Microglia are macrophage-like cells that serve as the brain immune system. Both microglia cells and bone marrow-derived macrophages (BMDM), which are recruited to the brain in pathological conditions, have been shown to have a role in GB progression7. Glioma-associated microglia/macrophages (GAMs) can be found in different activation states, presenting a complex and heterogeneous population. GAMs may possess a pro-inflammatory/anti-tumorigenic phenotype in which they are phagocytic, cytotoxic, and bear antigen-presentation capabilities8. This phenotype allows microglia/macrophages to attack transformed-cancerous cells and harness cytotoxic T cells against the tumor. In contrast, GAMs may also be often found in anti-inflammatory/pro-tumorigenic phenotype which is related to tissue repair. This phenotype is characterized by tissue remodeling and angiogenesis properties and the secretion of anti-inflammatory cytokines such as IL-10 and TGF-β9 which support tumor development.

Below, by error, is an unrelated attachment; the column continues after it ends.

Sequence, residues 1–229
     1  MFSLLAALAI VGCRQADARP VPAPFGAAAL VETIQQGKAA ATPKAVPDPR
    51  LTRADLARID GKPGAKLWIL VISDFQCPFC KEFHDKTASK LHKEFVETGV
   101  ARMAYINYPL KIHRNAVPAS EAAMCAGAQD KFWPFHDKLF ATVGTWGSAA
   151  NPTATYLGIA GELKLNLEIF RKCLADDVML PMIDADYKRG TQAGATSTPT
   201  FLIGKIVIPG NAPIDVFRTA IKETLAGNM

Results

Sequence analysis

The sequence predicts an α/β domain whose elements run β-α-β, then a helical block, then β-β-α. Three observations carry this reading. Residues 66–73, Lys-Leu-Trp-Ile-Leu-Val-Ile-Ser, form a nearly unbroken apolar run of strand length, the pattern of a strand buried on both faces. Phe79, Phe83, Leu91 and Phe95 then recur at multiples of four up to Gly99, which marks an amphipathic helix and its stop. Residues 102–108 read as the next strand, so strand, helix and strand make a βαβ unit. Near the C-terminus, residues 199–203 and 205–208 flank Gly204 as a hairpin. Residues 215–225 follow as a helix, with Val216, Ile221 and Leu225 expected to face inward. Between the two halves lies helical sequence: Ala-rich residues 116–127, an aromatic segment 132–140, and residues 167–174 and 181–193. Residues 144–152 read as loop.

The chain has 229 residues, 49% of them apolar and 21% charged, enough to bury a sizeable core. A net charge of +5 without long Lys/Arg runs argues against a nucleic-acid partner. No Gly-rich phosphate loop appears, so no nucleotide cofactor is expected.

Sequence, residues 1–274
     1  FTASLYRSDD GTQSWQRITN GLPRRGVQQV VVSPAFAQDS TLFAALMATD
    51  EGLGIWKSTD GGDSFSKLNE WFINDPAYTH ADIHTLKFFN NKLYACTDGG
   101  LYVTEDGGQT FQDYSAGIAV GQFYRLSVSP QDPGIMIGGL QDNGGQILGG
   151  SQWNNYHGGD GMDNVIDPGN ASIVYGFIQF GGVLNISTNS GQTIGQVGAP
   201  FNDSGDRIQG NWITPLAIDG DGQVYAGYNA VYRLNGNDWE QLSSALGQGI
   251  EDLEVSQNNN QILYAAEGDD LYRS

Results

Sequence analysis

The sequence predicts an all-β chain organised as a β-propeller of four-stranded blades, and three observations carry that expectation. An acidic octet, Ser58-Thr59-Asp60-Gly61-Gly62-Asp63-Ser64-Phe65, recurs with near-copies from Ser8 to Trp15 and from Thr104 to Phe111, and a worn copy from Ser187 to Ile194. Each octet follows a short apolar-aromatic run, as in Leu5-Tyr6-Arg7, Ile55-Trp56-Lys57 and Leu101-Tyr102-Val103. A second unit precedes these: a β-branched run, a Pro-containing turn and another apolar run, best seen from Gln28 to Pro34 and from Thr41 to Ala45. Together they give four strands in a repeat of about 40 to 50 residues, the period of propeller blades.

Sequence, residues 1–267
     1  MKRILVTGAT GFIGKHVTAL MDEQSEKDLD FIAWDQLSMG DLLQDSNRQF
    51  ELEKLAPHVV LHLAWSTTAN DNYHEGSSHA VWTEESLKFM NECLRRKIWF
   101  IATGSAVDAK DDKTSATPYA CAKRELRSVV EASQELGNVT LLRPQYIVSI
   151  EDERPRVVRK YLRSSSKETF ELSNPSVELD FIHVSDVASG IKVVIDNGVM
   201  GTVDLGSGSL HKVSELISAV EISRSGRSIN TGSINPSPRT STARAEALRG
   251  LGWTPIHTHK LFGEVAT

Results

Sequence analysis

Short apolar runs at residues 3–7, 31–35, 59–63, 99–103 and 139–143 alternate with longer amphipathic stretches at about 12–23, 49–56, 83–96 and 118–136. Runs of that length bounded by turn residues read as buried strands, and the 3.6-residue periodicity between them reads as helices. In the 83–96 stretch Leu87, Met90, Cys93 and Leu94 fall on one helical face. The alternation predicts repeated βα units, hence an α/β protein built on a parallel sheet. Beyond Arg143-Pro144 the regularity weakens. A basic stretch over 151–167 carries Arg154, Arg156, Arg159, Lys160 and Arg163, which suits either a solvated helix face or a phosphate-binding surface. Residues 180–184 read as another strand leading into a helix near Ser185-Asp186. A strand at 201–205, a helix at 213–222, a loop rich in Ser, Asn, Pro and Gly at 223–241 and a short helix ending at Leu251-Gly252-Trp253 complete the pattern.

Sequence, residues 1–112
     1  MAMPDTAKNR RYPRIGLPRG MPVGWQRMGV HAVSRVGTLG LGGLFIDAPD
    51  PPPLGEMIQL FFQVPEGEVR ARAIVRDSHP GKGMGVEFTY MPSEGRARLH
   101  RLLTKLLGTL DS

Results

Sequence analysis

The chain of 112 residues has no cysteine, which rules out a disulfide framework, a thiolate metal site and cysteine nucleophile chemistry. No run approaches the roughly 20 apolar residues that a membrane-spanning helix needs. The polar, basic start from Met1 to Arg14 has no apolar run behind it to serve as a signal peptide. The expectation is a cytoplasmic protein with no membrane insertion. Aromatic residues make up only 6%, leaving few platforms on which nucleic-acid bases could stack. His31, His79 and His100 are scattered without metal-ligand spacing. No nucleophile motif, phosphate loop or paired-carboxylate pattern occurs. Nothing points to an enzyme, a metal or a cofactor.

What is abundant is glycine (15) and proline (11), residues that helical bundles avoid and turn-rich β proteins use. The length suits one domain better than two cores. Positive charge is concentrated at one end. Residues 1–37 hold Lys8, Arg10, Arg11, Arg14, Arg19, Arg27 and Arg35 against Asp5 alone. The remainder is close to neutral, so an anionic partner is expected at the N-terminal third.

Although mixed populations are found in GB tumors, GAMs contribute to immune-escape and promote tumor progression, and have been shown to actively enhance glioma growth and invasion, and secrete angiogenic factors10. Despite the evidence pointing at the role of GAMs in gliomas, current immunotherapies have not yet been demonstrated to improve survival for GB patients in a clinically-significant manner. This emphasizes the need for alternative or combination approaches11. Although the exact role and activation state of GAMs are still unclear, reverting their phenotype to a more pro-inflammatory state has been shown to be a promising therapeutic approach for glioma and might also improve the outcome of immunotherapies in this disease. Several targets associated with this phenotypic switch, such as CSF-1R and STAT3, are currently under pre-clinical and clinical investigation for the treatment of GB12. Hence, uncovering new immune-modulators that could regulate GAMs phenotype in GB is of great importance and could lead to the development of new therapeutic strategies to treat this devastating disease.